- CNBC's Jim Cramer said Monday he believes the GameStop trading frenzy is not "big enough to topple the market."
- The "Mad Money" host said it represents more of a regulatory risk to Wall Street than it does systemic risk to investors.
- "I think the most important thing ... is for people to recognize that the quarters were really good last week," Cramer added.
CNBC's Jim Cramer said Monday he believes the Reddit-sparked trading frenzy in GameStop and a few other stocks is unlikely to sink the broader U.S. equity market.
"I am trying to stay away from the notion that this is big enough to topple the market," Cramer said on "Squawk on the Street."
Rather, Cramer contended the short squeezes in GameStop, AMC Entertainment and others present more "regulatory risk, not systemic risk" to investors. He compared it with the flash crash of 2010, when in a matter of minutes the Dow Jones Industrial Average plummeted nearly 1,000 points, and the sharp pullback in August 2015 linked to a major sell-off in Asian markets.
Wall Street's three major stock benchmarks posted their worst weekly performances since October as the financial industry grappled with the retail trading mania. GameStop shares rose 400% last week, even as the Dow, S&P 500 and Nasdaq all declined more than 3%. GameStop, which has gained more than 1,330% in 2021, fell in early trading after Monday's open. The broader stock market bounced higher.
However, people should not feel like it's the end of the world even though GameStop surged last week while the overall market finished out January on a down note, Cramer said. "That's obviously not true."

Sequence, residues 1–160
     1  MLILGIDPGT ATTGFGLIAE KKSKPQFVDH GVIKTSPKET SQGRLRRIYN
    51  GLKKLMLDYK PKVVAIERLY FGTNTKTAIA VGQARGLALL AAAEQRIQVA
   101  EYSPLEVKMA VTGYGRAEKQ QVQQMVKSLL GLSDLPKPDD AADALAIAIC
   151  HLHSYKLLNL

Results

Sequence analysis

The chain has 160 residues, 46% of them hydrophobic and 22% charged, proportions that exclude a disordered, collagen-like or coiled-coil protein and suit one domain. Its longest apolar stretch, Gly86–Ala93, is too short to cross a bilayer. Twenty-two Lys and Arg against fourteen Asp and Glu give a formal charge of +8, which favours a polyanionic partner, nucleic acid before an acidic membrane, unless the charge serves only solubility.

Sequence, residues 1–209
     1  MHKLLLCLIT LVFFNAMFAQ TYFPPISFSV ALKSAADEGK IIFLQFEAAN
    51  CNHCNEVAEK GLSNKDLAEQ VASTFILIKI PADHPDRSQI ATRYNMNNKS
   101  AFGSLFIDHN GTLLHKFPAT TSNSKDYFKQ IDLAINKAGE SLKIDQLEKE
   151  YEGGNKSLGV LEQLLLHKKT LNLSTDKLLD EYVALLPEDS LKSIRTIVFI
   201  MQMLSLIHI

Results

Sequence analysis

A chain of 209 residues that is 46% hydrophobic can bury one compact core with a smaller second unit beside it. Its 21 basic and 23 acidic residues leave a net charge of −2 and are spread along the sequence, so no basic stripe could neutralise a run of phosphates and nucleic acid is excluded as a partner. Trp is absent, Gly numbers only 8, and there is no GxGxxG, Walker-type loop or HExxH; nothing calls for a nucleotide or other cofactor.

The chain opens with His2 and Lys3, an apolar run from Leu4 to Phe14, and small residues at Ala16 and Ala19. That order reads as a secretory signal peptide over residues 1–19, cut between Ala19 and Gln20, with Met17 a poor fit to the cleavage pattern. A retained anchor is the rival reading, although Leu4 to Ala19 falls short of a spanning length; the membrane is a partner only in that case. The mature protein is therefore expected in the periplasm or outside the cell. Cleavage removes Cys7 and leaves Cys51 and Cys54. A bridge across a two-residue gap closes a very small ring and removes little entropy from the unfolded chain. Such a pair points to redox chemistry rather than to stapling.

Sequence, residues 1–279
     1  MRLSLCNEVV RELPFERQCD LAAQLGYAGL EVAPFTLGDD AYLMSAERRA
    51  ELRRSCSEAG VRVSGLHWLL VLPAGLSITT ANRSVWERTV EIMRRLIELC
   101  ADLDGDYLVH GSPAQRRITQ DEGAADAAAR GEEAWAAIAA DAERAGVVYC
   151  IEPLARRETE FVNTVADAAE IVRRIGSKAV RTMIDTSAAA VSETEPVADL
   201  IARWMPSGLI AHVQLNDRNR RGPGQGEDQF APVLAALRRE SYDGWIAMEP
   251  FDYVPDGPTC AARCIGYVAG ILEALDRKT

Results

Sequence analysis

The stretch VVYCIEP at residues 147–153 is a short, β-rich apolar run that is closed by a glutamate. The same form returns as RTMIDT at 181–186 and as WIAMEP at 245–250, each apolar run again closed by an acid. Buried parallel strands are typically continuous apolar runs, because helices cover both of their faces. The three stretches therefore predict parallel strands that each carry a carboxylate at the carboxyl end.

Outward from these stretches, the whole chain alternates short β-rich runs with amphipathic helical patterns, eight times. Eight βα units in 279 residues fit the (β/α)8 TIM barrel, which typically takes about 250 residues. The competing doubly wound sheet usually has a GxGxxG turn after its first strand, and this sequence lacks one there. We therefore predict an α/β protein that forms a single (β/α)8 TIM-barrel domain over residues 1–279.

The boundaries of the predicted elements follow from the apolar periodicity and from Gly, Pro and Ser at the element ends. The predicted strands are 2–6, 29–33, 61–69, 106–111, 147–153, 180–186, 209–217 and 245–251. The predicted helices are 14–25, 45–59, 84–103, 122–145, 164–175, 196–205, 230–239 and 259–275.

Cramer said, "The actual number of companies that are involved in the squeeze and the size" are relatively small. GameStop's stock market value was around $18 billion Monday morning. AMC's market cap was around $5 billion. "We have to keep that in perspective," the "Mad Money" host added.
Short selling is a strategy in which an investor sells borrowed shares with the intention of buying them back in the future at a lower price. They return the borrowed shares and pocket the price difference — if the stock price actually declines. When the price goes up, like it did with GameStop, a short seller may try limiting their potential losses by purchasing the stock at its current elevated levels. They would sell back those shares at a price loss.
Despite the headline-grabbing short squeezes, Cramer said investors should not overlook the strength of some recent corporate earnings reports. Apple on Wednesday, for example, posted more than $100 billion in quarterly revenue for the first time but shares of the iPhone maker pulled back after the report.
In comparison to GameStop, AMC and the other Reddit-fueled movers, Apple has a stock market value more than $2.2 trillion.
"I think the most important thing ... is for people to recognize that the quarters were really good last week. Let's not forget that," Cramer said. "It's the forest from the trees. There are some opportunities here."